“All the faithful, clergy and people, represent and form in the Church the marvellous unity indicated by Christ when He said, “Where two or three are gathered in my name, in agreement about everything they ask, there am I in their midst”.
Rosmini had a very lofty view of the dignity of the laity. The “faithful”, for Rosmini, are the clergy and the laity together, representing and forming in the Church the marvellous unity indicated by Christ when He said, “Where two or three are gathered in my name, in agreement about everything they ask, there I am in their midst”. Christ demands unity of minds and hearts, the clergy and the people acting together “as one man” as Scripture says of the ancient Israelites.
Rosmini writes about the dignity of the laity: “There are always holy, prudent men and women with the sense of Christ among them. The people are a part of the mystical Body of Christ; together with their pastors and incorporated with the Head, they form a single Body. In Baptism and Confirmation they have received the impression of an indelible, priestly character… The ordinary Christian possesses a mystical, private priesthood giving him/her special dignity and power, and a feeling for spiritual things. The clergy has its rights, but so have the Christian people. For example, the Christian people can and must oppose a bishop openly teaching heresy. Their sense of the supernatural teaches them to do this, and gives them the right to do it. The Fathers of the Church taught that the people’s part in the choice of their Pastors derived from the divine law…”. Rosmini wrote this in 1832, unique among all Christian writers of the time in stressing the universal participation of all baptised in the mission of Christ, being with Him Priests, Prophets, and Kings.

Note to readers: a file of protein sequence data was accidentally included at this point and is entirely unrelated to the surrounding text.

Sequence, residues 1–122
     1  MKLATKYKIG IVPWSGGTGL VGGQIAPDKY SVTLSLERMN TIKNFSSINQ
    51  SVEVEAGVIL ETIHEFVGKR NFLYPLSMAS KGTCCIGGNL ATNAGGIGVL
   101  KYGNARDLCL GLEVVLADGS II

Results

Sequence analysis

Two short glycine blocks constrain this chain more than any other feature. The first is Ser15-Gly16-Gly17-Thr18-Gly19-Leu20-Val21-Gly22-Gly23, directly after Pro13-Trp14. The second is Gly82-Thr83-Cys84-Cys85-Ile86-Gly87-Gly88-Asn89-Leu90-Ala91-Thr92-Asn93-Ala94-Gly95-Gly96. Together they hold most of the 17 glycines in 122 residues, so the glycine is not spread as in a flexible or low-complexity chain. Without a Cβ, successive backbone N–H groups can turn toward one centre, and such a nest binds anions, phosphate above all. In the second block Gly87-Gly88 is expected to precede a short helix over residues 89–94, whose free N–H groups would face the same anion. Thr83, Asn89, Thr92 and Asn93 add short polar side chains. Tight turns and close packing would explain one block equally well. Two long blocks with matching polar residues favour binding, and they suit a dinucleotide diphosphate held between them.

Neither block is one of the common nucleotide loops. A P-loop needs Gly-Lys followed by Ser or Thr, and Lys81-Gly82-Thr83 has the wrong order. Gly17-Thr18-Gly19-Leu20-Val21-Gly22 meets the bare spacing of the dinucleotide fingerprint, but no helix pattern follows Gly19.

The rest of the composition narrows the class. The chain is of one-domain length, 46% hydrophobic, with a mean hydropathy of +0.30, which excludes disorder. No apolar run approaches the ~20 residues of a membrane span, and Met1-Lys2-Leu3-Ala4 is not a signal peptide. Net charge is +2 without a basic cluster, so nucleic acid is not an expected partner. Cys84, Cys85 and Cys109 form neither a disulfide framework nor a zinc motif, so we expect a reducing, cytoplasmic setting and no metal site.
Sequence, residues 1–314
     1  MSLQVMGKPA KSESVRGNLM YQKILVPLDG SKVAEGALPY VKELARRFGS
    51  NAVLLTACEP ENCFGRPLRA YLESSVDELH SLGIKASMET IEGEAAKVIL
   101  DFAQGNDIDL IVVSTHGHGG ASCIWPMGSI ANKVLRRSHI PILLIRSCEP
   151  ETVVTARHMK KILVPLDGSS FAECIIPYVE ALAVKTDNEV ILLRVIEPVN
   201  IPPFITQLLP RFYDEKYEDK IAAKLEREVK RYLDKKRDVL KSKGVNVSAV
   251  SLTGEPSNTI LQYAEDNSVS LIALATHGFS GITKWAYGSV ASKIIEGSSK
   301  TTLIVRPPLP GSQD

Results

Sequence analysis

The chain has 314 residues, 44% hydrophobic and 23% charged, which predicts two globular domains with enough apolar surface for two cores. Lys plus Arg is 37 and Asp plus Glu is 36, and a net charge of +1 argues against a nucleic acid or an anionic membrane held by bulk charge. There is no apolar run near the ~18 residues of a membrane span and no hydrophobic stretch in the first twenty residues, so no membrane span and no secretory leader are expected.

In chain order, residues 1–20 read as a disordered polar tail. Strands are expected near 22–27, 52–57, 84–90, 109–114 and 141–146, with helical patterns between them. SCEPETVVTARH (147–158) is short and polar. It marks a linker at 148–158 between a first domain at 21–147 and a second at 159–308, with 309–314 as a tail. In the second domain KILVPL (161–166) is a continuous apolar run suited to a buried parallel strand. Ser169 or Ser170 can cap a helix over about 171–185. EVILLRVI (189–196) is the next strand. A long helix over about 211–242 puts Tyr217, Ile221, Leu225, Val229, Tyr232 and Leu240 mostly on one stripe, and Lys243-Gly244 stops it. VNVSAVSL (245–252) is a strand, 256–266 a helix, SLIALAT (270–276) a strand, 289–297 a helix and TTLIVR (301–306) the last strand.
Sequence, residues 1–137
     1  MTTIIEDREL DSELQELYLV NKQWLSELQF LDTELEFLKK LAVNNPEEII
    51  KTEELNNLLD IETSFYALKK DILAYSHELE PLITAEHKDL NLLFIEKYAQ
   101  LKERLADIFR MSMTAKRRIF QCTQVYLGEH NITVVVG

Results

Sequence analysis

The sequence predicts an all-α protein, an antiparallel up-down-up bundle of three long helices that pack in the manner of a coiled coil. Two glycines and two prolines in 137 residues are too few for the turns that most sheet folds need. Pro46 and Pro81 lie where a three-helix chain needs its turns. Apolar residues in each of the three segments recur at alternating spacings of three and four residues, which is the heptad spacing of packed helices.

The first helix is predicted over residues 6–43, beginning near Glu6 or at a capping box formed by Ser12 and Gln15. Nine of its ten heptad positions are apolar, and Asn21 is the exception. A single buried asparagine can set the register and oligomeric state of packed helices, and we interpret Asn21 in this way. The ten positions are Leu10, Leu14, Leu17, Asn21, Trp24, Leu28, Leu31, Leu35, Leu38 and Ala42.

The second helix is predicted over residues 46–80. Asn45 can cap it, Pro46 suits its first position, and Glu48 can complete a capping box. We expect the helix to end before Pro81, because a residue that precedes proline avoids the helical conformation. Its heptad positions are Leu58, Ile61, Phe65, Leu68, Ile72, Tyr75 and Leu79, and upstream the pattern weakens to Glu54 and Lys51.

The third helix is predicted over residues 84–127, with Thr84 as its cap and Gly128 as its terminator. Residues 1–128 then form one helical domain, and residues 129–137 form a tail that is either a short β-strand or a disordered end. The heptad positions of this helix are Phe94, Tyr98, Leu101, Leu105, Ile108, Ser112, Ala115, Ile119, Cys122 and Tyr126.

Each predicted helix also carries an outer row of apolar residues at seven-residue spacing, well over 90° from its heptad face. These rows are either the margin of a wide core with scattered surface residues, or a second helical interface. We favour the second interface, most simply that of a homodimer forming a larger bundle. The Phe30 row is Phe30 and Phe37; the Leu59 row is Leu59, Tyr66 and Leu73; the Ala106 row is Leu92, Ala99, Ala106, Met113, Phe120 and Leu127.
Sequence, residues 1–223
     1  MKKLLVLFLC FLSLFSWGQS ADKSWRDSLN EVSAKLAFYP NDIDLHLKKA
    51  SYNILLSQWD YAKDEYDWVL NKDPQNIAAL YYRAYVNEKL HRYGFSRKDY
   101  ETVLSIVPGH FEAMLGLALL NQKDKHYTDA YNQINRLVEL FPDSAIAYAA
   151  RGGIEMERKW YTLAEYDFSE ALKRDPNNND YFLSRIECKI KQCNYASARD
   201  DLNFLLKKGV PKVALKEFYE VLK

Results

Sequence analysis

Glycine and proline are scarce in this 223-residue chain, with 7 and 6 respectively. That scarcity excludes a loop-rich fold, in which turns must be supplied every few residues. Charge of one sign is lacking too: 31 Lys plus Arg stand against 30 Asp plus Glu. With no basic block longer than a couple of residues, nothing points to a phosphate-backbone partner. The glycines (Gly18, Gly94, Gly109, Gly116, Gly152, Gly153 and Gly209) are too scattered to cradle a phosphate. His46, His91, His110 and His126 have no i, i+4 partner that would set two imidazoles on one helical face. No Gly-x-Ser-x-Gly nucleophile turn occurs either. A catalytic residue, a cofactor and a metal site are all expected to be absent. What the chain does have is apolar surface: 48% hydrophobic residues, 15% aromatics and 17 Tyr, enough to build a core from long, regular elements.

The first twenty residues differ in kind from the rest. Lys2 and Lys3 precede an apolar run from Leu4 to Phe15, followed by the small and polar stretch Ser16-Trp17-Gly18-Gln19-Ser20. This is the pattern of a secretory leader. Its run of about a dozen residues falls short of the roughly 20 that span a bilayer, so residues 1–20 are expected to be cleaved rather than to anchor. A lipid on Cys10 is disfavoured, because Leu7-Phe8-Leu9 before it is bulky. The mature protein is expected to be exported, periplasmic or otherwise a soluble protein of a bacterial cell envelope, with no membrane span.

The early Christians, the Apostles and the believers, were “one in hearts and mind”, they acted as one Body. Why? They believed the same truths, they took part fully, body and soul, in their liturgies, the Eucharist and the Sacraments. Everyone understood what was being said and done.
JESUS came to save the whole person, body and spirit. The Gospel had to appeal to both elements of the human nature, to the mind and to the heart. The Apostles were indeed sent out to “preach”, to instruct people. But they did not found a school of philosophy, nor did they perform miracles simply to prove the truth of what they were saying, nor gave examples of great virtues to persuade their listeners. If they had presented Christianity simply as wisdom, as truths to be believed, they would not have achieved much. Their appeal would have been greatly reduced.